They fay, it's a copy out of mine. Come, captain,
We must be neat ; not neat, but cleanly, captain;
And yet the fteer, the heifer, and the calf,

Are all call'd neat. Still virginalling+

[Obferving Polixenes and Hermione.

3 The mort o' th' deer-] A leffon upon the horn at the death of the deer. THEOBALD. *We must be neat.] Leontes, feeing his fon's nofe fmutched, cries, we must be neat; then, re

collecting that neat is the term for horned cattle, he fays, not neat, but cleanly.


Still virginalling] Still playing with her fingers, as a girl playing on the virginals.


Upon his palm?--how now, you wanton calf!
Art thou my calf?

Mam. Yes, if you will, my Lord.

Lea. Thou want'ft a rough paíh, and the fhoots that
I have,

To be full like me.-Yet they fay, we are
Almoft as like as eggs; women fay fo,
That will fay any thing; but were they false,
As o'er-dy'd blacks, as winds, as waters; falfe
As dice are to be with'd, by one that fixes
No bourne 'twixt his and mine; yet were it true
To fay, this boy were like me.
Come, Sir page,
Look on me with your welkin-eye, fweet villain.
Moft dear'ft, my collop-can thy dam-may't be—
Imagination! thou doft ftab to th' center.
Thou doft make poffible things not be fo held,
Communicat'ft with dreams (how can this be?)
With what's unreal, Thou co-active art,

And fellow't Nothing. Then 'tis very credent,
Thou may'ft co-join with fomething, and thou doft,
And that beyond commiffion; and I find it;
And that to the infection of my brains,

And hardning of my brows.

Pol. What means Sicilia?

Her. He fomething feems unfettled.

Pol. How? my Lord?

Leo. What cheer? how is't with you, best brother?

Her. You look

As if you held a brow of much Diftraction.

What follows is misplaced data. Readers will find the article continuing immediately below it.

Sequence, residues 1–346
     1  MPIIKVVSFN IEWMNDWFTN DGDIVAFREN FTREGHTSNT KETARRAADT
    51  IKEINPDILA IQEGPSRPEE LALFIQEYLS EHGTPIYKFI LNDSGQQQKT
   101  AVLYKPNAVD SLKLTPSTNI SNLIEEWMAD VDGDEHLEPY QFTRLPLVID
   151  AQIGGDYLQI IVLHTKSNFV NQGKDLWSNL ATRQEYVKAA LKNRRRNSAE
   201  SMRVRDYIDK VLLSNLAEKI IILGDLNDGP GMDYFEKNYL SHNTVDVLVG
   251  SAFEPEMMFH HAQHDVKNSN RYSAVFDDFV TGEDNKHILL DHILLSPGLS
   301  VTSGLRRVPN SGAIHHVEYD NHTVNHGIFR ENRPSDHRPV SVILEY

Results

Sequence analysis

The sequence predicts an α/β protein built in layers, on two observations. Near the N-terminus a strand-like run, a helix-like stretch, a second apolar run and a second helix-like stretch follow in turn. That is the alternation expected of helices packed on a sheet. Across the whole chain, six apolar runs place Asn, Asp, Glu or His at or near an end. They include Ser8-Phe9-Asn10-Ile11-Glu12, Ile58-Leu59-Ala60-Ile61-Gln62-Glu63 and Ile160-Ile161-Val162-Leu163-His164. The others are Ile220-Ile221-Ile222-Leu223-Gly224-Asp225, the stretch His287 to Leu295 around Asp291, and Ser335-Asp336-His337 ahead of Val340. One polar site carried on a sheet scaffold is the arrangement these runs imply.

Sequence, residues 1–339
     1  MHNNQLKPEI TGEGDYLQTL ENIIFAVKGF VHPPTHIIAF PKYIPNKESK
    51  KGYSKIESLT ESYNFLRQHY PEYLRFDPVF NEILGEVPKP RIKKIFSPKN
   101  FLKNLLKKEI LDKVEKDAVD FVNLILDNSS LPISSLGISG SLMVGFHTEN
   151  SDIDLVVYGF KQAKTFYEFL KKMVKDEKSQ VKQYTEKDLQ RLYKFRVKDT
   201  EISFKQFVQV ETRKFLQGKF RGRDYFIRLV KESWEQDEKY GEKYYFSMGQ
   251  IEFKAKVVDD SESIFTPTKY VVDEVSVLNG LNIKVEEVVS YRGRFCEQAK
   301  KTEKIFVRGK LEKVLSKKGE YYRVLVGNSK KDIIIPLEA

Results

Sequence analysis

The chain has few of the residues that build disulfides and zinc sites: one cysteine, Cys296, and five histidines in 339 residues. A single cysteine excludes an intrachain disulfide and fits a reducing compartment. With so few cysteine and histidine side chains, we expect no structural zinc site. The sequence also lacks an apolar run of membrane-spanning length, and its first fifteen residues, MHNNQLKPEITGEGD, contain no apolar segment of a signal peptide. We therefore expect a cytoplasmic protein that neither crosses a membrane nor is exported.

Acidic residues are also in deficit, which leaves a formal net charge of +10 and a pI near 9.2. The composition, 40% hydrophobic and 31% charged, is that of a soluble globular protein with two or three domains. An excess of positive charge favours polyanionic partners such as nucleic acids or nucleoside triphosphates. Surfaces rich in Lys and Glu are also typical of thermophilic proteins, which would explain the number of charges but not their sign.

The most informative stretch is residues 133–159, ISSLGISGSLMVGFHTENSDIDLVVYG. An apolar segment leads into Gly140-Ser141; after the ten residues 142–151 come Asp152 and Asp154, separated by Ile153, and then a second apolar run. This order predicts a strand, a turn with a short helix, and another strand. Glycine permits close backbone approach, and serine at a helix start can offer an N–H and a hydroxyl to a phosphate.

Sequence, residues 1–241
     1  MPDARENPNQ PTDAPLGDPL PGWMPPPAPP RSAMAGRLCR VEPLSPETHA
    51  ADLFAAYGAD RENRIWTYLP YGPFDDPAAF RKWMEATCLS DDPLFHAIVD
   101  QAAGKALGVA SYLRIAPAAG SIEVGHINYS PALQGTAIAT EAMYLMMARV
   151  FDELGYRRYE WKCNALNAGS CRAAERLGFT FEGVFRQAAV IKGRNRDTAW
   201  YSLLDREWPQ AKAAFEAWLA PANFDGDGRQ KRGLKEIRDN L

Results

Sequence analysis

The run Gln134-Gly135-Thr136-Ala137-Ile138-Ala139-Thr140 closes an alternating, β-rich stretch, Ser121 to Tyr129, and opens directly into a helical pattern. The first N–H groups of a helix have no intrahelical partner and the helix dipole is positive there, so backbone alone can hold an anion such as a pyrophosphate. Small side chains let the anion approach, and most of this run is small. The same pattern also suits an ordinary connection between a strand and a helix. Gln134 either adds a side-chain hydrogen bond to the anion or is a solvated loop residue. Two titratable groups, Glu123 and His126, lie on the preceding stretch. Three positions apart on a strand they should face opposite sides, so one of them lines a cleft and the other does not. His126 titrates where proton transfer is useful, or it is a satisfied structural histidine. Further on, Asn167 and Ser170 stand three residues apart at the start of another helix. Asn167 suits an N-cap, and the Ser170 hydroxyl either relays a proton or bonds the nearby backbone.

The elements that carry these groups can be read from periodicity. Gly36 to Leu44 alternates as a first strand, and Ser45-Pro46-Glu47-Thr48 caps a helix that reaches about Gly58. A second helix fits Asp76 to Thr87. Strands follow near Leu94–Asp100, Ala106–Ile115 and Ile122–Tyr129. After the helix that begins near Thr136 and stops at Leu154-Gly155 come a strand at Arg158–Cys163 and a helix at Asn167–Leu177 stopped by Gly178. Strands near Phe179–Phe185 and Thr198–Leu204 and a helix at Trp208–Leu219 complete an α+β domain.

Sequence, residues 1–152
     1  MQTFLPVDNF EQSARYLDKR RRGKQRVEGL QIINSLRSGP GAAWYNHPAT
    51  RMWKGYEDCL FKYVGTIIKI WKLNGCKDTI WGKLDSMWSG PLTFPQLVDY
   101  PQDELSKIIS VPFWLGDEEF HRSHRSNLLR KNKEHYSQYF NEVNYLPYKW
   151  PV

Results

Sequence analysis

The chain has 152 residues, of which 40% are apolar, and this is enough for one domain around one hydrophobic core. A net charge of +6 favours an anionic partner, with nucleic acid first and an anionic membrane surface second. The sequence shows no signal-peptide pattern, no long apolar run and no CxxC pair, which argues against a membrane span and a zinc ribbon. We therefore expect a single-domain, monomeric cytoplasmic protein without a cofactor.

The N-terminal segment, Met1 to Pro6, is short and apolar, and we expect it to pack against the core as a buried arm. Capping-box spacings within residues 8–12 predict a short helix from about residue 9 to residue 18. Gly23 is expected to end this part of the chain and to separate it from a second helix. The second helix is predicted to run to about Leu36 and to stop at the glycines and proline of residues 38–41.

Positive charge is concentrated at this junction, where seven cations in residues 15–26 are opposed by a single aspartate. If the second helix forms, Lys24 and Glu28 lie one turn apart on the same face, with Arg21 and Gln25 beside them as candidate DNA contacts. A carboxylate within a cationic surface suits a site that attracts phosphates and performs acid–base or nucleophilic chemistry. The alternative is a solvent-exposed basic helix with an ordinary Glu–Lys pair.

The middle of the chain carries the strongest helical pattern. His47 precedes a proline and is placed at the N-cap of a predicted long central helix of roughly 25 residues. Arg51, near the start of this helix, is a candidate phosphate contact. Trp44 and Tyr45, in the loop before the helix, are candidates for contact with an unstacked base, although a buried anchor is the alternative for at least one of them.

Are not you mov'd, my Lord?

Leo. No, in good earnest.

How fometimes nature will betray its folly!
Its tenderness! and make itself a pastime
To harder bofoms! Looking on the lines
Of my boy's face, methoughts, I did recoil
Twenty-three years, and faw myself unbreech'd,

As o'er-dy'd blacks.] Sir T.
Hanmer understands, blacks died
too much, and therefore rotten.

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welkin eye,] Blue
eye; an eye of the fame colour
with the awelkin, or sky.



In my green velvet coat; my dagger muzzled,
Left it fhould bite its mafter; and fo prove,
As ornaments oft do, too dangerous;

How like, methought, I then was to this kernel,
This fquafh, this gentleman. Mine honest friend,
Will take
you eggs for




Mam. No, my Lord, I'll fight.



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Leo. You will!-why, happy man be's dole!-
My brother,

Are you fo fond of your young Prince, as we
Do feem to be of ours?

Pol. If at home, Sir,

He's all my exercife, my mirth, my matter;
Now my fworn friend, and then mine enemy;
My parafite, my foldier, ftates-man, all;
He makes a July's day fhort as December;
And with his varying childnefs, cures in me
Thoughts that fhould thick my blood.
Leo. So ftands this Squire

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Offic'd with me: we two will walk, my Lord,
And leave you to your graver fteps. Hermione,
How thou lov'ft us, fhew in our brother's welcome
Let what is dear in Sicily, be cheap:

Next to thyself, and my young rover, he's
Apparent to my heart.

Her. If you will feek us,


We are yours i'th' garden: fhall's attend you there? Leo. To your own bents difpofe you; you'll be found, Be you beneath the fky.-I am angling now,

Tho' you perceive me not,

Will you take eggs for mony?] This feems to be a proverbial expreffion, used when a man fees himself wronged and makes no refiftance. Its original, or precife meaning, I cannot find, but I believe it means, will you be a cuckold for hire. The cuckow is reported to lay her eggs in another

how I give line;

[Afide, obferving Her. bird's neft; he therefore that has eggs laid in his neft, is faid to be cucullatus, cuckow'd, or cuckold.

*-happy man be's dole!-] May his dole or bare in life be to be a happy man.

7 Apparent-] That is, beir apparent, or the next claimant.